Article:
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Help - rescue dog problems

(203 Posts)
Catzeyess Wed 15-Jul-15 07:41:15

We have recently rehomed a gorgeous mongrel dog and he is really hard work. We feel a bit duped by the rescue as they told us he was a sweet boy who's only issue was pulling a bit on the lead and had no special requirements (we made it clear we were novice dog owners and didn't want a dog with too many issues).

Once we had taken him on it transpired he was a Romanian stray who has most definitely never been in a home. He is jumpy and terrified of everything, not used to being in a house and normal home noises are stressing him out. He likes being stroked and is gentle and friendly to everyone he meets but whines if left to sit on his own for a bit. He is not housetrained. He knows absolutely no commands at all. He doesn't understand toys and is not interested in food (tried to bury it) and so we are struggling to teach him anything apart from come.

Help! What do we do! We are close to just sending him back but don't want to let him down. Has anyone else had a dog like this and did they turn into a good family pet with a bit of training! What do we do!

basildonbond Wed 15-Jul-15 07:47:36

Poor you and poor dog sad

Firstly, have you contacted the rescue? Reputable ones will offer lifetime behavioural support

I think you also need to be honest with yourselves about how much time and effort you are able to put into this dog's training. It is possible to improve things but with such a poor start it's likely your dog will always have issues to a degree

TheoriginalLEM Wed 15-Jul-15 07:51:15

how long have you had him? poor dog sounds like he has had a terrible time.

Having had a rescue dog with issues and forking out £££ on behaviourists etc, we found the only thing to work was time.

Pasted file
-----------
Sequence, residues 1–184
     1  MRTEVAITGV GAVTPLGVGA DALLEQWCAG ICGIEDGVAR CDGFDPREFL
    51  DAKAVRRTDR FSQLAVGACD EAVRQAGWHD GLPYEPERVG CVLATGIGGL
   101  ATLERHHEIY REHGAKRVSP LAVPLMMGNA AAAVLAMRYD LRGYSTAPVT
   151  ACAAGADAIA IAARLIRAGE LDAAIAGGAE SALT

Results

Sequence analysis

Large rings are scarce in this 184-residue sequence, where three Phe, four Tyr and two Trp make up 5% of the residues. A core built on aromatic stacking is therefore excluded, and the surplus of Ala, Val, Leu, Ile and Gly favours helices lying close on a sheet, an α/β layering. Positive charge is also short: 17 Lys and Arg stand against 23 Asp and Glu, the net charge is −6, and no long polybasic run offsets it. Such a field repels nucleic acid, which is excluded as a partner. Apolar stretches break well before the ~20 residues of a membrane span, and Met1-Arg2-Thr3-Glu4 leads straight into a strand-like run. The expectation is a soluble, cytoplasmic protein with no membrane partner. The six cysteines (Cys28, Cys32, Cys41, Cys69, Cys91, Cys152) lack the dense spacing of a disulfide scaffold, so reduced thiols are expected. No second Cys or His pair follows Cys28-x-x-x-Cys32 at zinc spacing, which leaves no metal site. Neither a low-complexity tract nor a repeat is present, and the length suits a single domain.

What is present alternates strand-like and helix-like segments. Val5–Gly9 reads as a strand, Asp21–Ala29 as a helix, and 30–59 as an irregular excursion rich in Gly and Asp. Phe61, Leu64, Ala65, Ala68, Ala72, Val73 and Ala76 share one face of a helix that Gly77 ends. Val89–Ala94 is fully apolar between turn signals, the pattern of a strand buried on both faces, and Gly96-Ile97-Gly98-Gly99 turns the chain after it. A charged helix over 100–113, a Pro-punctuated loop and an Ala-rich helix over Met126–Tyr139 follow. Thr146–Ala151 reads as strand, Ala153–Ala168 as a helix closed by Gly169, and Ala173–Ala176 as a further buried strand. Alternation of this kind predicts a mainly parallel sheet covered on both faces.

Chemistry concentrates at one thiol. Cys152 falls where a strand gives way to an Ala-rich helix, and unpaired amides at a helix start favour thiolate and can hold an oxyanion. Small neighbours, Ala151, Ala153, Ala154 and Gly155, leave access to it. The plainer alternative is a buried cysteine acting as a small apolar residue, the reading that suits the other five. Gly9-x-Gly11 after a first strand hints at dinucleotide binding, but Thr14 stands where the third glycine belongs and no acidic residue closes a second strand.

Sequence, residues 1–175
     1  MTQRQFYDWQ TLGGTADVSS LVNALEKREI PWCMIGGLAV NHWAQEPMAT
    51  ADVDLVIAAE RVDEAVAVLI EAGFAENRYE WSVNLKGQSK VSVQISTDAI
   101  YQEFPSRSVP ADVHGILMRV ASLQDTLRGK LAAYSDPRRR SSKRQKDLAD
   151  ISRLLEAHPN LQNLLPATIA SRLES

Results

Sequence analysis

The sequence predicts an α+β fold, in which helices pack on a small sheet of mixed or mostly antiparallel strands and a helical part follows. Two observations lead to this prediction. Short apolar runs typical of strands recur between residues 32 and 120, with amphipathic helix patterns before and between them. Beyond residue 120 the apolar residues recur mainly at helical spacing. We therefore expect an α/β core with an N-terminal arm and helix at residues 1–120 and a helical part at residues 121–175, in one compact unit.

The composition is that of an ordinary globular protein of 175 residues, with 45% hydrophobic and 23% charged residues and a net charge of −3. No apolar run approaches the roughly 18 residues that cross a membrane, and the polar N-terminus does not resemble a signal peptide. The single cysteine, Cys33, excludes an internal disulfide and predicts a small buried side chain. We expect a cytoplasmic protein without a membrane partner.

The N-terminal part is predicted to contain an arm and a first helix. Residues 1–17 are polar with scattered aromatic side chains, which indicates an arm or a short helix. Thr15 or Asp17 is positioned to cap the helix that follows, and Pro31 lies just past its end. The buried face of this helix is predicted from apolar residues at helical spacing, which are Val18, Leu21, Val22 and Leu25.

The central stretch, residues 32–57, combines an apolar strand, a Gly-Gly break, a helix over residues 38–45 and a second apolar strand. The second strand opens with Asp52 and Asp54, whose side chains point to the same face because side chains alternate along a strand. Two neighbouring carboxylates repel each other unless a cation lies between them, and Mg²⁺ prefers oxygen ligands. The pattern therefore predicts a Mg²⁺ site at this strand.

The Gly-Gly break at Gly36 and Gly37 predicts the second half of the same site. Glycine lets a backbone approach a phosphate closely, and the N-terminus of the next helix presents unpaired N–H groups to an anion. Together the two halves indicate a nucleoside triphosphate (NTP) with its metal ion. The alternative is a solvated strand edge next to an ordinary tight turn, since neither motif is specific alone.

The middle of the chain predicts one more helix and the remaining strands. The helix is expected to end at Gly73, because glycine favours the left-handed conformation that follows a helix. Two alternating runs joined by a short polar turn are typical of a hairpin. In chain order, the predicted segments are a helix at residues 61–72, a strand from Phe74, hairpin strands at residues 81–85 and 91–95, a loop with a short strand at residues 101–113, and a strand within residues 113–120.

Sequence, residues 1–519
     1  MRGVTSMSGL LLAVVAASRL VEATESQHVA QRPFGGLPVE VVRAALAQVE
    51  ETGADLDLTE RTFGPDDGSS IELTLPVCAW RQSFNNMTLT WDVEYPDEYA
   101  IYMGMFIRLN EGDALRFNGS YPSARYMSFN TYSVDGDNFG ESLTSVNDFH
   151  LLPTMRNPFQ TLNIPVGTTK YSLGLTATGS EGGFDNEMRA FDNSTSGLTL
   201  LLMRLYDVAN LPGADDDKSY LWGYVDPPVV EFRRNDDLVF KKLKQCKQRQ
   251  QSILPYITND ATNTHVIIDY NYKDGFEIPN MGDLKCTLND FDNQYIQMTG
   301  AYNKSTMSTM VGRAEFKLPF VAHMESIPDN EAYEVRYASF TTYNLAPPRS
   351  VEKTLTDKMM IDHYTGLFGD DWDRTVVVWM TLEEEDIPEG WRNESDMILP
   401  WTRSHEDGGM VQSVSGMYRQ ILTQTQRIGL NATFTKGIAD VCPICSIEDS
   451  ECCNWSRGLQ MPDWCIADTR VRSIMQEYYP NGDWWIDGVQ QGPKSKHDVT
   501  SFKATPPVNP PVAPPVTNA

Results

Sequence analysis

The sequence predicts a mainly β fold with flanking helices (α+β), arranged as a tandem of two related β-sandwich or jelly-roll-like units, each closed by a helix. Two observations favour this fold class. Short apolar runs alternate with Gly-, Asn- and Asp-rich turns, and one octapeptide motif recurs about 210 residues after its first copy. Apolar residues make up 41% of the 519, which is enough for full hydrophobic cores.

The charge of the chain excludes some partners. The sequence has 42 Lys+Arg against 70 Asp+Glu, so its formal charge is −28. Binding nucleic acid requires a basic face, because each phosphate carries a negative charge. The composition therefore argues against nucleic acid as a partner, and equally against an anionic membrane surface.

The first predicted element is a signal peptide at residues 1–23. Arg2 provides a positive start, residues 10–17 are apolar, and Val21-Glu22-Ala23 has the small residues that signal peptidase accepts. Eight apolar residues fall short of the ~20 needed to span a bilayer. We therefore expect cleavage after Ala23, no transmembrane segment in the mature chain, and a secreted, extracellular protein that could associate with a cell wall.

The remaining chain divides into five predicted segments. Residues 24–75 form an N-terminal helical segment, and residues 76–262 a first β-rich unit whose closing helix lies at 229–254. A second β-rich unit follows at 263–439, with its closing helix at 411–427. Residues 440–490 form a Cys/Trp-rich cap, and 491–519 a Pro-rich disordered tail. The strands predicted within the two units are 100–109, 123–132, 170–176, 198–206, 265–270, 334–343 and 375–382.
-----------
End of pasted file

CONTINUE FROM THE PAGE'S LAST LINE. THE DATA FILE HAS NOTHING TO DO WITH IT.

i would suggest you get a dap (or adaptil) collar. These release calming pheremones and make a huge difference.

often dogs are subdued in kennels and really don't show their ttue personality.

Food is your friend. make sure everyone feeds him. if he has had no real home environment the one thing he'll underdtsand is food.

make sure the only time you touch your dog is to show affection. a house lead is useful for encouraging off of furniture.

the separation anxiety is understandable. uou need to build this up slowly.

give it time. you'll be glad you did.

says me whos dog was sat in the car more than once to go back!!

TheoriginalLEM Wed 15-Jul-15 07:53:55

missed the bit about food. try only feeding by hand. ours had severe aggression issues around food but with time it righted itself.

the previous poster is right. this wont be easy.

TheoriginalLEM Wed 15-Jul-15 07:56:05

come is pretty much the mist important comnand you need so well done for that. Don't push it too much teaching him other things until he is happier.

Catzeyess Wed 15-Jul-15 08:11:48

My DH recons he needs a home where someone can be on it all day with him. Whereas I work from home so need him to just nap quietly for a large chunk of the day. He is currently asleep at my feet. Although I'm no dog behaviour expert I think he is really anxious. The collar sounds good will look into that.

I just can't make up my mind what to do. I think my DH wants to give him up, but I feel really bad for the poor fellow

TheoriginalLEM Wed 15-Jul-15 08:17:33